14

Are there any patterns to observe in choosing the correct negative prefix to use, as in unbelievable, disproportionate, asymmetric, and intolerable? (There are other negative prefixes as well, but these are the ones I usually mix up.)

Un- and in- are probably the ones I most frequently mix up, as in *untolerable/intolerable, *unedible/inedible, *unexact/inexact, *unappropriate/inappropriate, ... I realize these are all in-, but why? Is there anything to look for there?

10

Agreeing with the answer Shinto Sherlock gave from Fowler, World Wide Words says,

In general, words take un- when they are of English (Germanic) origin and in- if they come from Latin. (The forms im-, il-, and ir- are variations on in-.) Apart from that, there’s really no good guide to which one you should choose.

Following the link will give you an expanded discussion of this topic.

  • wasn't a- also for Latin / French derived words? – Abel Sep 5 '10 at 11:57
  • Hi Daniel, u mentioned about a link in your last statement. Where is the link? – Part Timer Aug 28 '12 at 8:29
  • @PartTimer the link is above the quote or here is the url: worldwidewords.org/qa/qa-unv1.htm. – Daniel Aug 28 '12 at 12:32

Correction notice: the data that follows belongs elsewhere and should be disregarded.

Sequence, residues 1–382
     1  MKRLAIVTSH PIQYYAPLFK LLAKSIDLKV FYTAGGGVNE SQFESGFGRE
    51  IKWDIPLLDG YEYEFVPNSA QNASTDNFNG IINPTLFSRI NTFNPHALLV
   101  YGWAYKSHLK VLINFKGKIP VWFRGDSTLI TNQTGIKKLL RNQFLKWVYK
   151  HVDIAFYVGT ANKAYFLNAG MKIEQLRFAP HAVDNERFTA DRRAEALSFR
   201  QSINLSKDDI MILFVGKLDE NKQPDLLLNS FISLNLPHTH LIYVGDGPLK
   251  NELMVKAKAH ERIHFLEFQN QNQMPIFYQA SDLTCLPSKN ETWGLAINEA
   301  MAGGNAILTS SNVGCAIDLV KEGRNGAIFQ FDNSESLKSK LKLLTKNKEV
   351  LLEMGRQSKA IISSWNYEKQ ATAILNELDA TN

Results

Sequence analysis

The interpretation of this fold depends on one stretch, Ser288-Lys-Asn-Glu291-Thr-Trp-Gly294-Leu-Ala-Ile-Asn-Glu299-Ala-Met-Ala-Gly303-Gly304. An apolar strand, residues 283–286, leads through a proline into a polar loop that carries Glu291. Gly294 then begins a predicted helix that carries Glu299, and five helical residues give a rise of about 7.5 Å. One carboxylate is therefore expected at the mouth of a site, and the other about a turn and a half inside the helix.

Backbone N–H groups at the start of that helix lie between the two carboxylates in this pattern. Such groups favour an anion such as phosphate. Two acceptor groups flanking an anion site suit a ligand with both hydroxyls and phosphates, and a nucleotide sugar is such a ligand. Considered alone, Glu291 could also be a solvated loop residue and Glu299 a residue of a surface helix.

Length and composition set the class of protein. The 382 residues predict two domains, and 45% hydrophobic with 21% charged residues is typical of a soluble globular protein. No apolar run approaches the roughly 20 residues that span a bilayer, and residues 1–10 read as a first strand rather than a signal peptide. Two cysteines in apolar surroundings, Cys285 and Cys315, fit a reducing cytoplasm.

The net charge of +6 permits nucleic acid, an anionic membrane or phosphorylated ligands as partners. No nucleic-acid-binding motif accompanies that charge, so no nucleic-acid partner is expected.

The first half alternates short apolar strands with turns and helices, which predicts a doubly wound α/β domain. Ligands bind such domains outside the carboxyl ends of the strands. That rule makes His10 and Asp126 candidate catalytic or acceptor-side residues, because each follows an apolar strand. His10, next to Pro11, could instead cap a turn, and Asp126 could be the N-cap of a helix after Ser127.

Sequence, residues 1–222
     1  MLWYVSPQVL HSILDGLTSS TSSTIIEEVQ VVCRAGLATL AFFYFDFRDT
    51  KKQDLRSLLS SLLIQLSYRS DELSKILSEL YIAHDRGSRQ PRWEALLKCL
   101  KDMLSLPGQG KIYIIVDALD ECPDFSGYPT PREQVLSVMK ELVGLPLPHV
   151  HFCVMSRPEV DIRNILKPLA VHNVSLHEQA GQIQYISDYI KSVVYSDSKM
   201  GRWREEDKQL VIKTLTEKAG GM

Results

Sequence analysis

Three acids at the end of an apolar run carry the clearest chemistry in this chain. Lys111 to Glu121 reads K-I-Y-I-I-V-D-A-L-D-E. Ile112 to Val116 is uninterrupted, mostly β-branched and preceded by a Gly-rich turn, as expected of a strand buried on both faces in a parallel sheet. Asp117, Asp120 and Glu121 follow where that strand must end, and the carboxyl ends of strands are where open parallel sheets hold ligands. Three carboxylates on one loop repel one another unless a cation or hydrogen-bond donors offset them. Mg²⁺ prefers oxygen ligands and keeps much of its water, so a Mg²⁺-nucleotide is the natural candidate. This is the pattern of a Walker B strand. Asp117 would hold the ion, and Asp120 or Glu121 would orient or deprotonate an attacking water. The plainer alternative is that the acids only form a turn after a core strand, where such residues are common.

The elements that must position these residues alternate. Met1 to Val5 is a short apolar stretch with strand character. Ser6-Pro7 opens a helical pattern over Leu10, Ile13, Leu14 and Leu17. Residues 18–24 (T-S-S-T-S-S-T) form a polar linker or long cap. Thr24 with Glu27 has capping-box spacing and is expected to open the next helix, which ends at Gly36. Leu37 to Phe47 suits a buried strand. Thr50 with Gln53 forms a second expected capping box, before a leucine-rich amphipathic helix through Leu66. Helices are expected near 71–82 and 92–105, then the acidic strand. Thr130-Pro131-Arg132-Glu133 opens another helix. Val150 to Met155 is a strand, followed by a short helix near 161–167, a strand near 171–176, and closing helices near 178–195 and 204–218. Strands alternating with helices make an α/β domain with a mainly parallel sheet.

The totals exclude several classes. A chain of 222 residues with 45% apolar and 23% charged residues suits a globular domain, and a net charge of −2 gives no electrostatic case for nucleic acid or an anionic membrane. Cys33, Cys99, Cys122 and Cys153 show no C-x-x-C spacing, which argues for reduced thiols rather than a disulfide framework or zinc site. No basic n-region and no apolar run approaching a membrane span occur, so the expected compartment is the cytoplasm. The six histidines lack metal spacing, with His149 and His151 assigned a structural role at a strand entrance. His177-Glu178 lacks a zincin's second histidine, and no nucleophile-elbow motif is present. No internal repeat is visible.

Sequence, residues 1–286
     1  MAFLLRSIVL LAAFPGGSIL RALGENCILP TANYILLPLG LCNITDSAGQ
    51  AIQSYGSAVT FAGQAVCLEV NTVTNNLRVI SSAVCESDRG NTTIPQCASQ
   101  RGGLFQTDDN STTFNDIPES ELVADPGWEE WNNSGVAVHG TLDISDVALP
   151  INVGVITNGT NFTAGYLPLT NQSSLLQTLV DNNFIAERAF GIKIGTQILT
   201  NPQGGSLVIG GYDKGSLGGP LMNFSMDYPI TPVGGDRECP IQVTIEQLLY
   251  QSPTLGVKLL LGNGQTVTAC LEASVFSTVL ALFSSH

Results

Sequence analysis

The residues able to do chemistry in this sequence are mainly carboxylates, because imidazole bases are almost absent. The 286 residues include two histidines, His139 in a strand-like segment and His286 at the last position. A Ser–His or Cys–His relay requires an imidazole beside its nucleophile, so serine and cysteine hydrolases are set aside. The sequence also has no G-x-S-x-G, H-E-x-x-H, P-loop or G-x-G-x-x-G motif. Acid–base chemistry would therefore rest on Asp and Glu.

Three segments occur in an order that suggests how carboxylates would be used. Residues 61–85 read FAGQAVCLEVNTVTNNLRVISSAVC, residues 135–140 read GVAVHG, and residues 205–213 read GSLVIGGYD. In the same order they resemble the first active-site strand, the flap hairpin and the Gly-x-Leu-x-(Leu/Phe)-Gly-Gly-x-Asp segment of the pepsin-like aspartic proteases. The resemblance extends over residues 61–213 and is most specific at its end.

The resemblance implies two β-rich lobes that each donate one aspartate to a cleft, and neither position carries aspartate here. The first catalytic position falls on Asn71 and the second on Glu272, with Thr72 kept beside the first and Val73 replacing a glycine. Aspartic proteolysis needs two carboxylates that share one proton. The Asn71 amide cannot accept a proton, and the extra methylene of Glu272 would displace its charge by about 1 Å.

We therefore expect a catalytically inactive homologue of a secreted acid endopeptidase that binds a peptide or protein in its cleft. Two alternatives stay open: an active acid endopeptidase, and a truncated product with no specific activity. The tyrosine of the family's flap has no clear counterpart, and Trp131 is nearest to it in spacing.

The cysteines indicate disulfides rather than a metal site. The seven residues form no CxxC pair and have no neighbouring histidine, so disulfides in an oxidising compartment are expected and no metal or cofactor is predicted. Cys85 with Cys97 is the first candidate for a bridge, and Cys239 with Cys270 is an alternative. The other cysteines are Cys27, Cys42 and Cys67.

6

a- and an- are used in words with Greek origin, (meaning no, absence of, without, lack of, not in said language). Other Greek prefixes are ana-, (meaning again, up, on, above, c.f. anabaptist literally meaning "re-baptist") and anti- (meaning against, c.f. antidemocrat).

Anyway, the thing is that as language is a living thing with lots and lots of users (especially in the case of English, where there also are a lot of different cultures, further contributing to the confusion), and therefore, rules like this tend to be mixed up (especially when creating new words or combining already existing ones). The rule of thumb is that, as previously stated:

  • un- is used in words of Germanic origin,

  • in- in words of Latin origin (and generally in words from other Latin-derived languages, like Spanish or French),

  • a- and an- is used in words of Greek origin.

Prefixes like de-, dis- and dys- come from Latin or Greek and have a slightly different meaning.

Note that un-, in- and a-/an- have the same origin, but they have taken very different ways into our language of today.

  • -dys is obviously not from Latin. Here's a hint: the Latin name for Y is I Graeca - the Greek I. – Aeon Akechi Jul 27 '16 at 19:28
3

Fowler says:

The general principle that un- is English and belongs to English words, and in- is Latin and belongs to Latin words, does not take us far.

There is a lot more which you can read in Google books.

Your Answer

By clicking “Post Your Answer”, you agree to our terms of service, privacy policy and cookie policy

Not the answer you're looking for? Browse other questions tagged or ask your own question.